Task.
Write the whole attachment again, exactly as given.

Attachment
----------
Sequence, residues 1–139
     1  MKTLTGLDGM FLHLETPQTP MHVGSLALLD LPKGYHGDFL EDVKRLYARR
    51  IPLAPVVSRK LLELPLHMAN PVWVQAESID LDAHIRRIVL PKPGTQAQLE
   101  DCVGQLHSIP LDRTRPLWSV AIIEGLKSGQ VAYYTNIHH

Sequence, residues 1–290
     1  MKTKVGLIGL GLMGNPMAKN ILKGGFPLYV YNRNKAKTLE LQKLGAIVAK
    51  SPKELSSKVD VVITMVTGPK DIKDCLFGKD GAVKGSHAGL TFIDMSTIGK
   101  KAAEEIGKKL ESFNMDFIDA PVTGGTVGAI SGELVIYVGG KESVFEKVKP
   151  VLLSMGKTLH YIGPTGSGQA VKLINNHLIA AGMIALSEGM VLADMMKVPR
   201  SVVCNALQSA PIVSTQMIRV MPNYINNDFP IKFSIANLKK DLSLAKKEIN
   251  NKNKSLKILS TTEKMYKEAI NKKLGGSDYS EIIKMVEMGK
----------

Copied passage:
Sequence, residues 1–139
     1  MKTLTGLDGM FLHLETPQTP MHVGSLALLD LPKGYHGDFL EDVKRLYARR
    51  IPLAPVVSRK LLELPLHMAN PVWVQAESID LDAHIRRIVL PKPGTQAQLE
   101  DCVGQLHSIP LDRTRPLWSV AIIEGLKSGQ VAYYTNIHH

Sequence, residues 1–290
     1  MKTKVGLIGL GLMGNPMAKN ILKGGFPLYV YNRNKAKTLE LQKLGAIVAK
    51  SPKELSSKVD VVITMVTGPK DIKDCLFGKD GAVKGSHAGL TFIDMSTIGK
   101  KAAEEIGKKL ESFNMDFIDA PVTGGTVGAI SGELVIYVGG KESVFEKVKP
   151  VLLSMGKTLH YIGPTGSGQA VKLINNHLIA AGMIALSEGM VLADMMKVPR
   201  SVVCNALQSA PIVSTQMIRV MPNYINNDFP IKFSIANLKK DLSLAKKEIN
   251  NKNKSLKILS TTEKMYKEAI NKKLGGSDYS EIIKMVEMGK